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An artist’s impression of the PSR J0348+0432 binary system. The pulsar is extremely compact, leading to a strong distortion of space-time (illustrated by the green mesh). The white-dwarf companion is shown in light-blue - ©J. Antoniadis/MPIfR


An international research team led by astronomers from the Max Planck Institute for Radio Astronomy (MPIfR, Bonn, Germany) used a collection of large radio and optical telescopes to investigate a newly discovered pulsar, and its white dwarf companion. The observations revealed a system with unusual properties, which weighs twice as much as the Sun, making it the most massive neutron star to date. These findings partly result from the “BEACON” project led by ERC Starting grantee Dr Paulo Freire, and agree with Einstein’s theory on general relativity. They will be published in tomorrow’s issue of Science, April 26, 2013.

In cooperation with: Max Planck Institute for Radio Astronomy

Imagine half a million Earths packed into a sphere 20 kilometers in diameter, spinning faster than an industrial kitchen blender. These extreme conditions, almost unimaginable by human standards, are met in neutron stars – a type of stellar remnant formed in the aftermath of a supernova explosion – which offer the opportunity to test physics under unique conditions. Neutron stars were first discovered around 50 years ago as pulsars which emit radio pulses like a lighthouse.

The pulsar in orbit, known as PSR J0348+0432 and its white-dwarf were recently discovered with the Green-Bank radio telescope. Separated by just 830,000 km, the pulsar and the white dwarf in this system are close enough to emit a significant amount of gravitational waves. According to the theory of general relativity, this close distance should make the orbital size and period shrink but to verify it, both the mass of the pulsar and its companion must be known.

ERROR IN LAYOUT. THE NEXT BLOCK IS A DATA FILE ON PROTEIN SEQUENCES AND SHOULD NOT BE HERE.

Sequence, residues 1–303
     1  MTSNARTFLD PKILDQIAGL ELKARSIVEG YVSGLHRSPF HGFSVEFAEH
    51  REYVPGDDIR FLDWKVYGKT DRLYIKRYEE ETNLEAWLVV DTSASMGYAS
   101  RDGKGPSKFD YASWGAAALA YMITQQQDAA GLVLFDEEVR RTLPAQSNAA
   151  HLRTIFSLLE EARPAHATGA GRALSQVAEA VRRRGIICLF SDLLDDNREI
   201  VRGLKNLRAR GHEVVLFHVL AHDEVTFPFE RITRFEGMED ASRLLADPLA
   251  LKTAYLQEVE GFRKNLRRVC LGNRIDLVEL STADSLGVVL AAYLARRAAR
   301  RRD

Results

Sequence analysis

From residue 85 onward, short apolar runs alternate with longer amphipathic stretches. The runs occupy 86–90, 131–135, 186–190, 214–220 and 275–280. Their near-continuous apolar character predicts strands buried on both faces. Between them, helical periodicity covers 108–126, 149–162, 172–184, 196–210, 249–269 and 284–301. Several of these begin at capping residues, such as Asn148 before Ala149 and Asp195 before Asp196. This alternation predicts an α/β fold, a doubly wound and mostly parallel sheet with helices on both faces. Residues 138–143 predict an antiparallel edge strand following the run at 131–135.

“I was observing the system with the European Southern Observatory’s Very Large Telescope in Chile, and I was trying to detect changes in the light emitted from the white dwarf caused by its two million km/h motion around the pulsar. These changes of light allow us to weigh both the white dwarf and the pulsar”, says John Antoniadis, a member of the research team at MPIfR and the leading author of the paper. “After a quick analysis, I realized that the pulsar was a kind of heavyweight: a mass twice that of the Sun, making it the most massive neutron star we know about.”

With these masses, it is possible to calculate the amount of energy taken away from the system by gravitational waves, causing the orbital period to shrink. The team realized that this change in the orbital period should be visible in the radio signals of the pulsar and they focused on PSR J0348+0432, using the three largest single-dish radio telescopes on Earth (Green Bank, Arecibo and Effelsberg).

“Our radio observations with the Effelsberg and Arecibo telescopes were so precise that, by the end of 2012, we could already measure a change of 8 microseconds per year in the orbital period, exactly what Einstein’s theory had predicted”, states ERC grantee Paulo Freire from MPIfR. “The funding of the European Research Council is a truly momentous occasion for young researchers to conduct their research and acquire the equipment they need. My ERC grant will help us to develop a new state-of-the-art instrument for the Effelsberg radio telescope. With this new cutting-edge instrumentation, we expect to improve further the accuracy of today’s results.”

In terms of gravity, PSR J0348+0432 is a truly extreme object, even compared to the other pulsars used in the high-precision tests of Einstein’s general relativity. For instance, at its surface, the pulsar has a gravitational strength that is more than 300 billion times stronger than that on Earth. In its center, more than one billion tons of matter is squeezed into a volume of a sugar cube. These numbers nearly double the ones found in other ‘pulsar gravity labs’.

Despite these extreme conditions, the research team finds that the theory of general relativity still holds true.

The findings are also important for scientists who search for gravitational waves emitted by a collision between two neutron stars. These new measurements give them added confidence in the equations that describe the emission of gravitational waves during these mergers. These equations are the result of decades of mathematical research in general relativity and will be required to identify the first gravitational waves, which the team expects to happen within the next five years.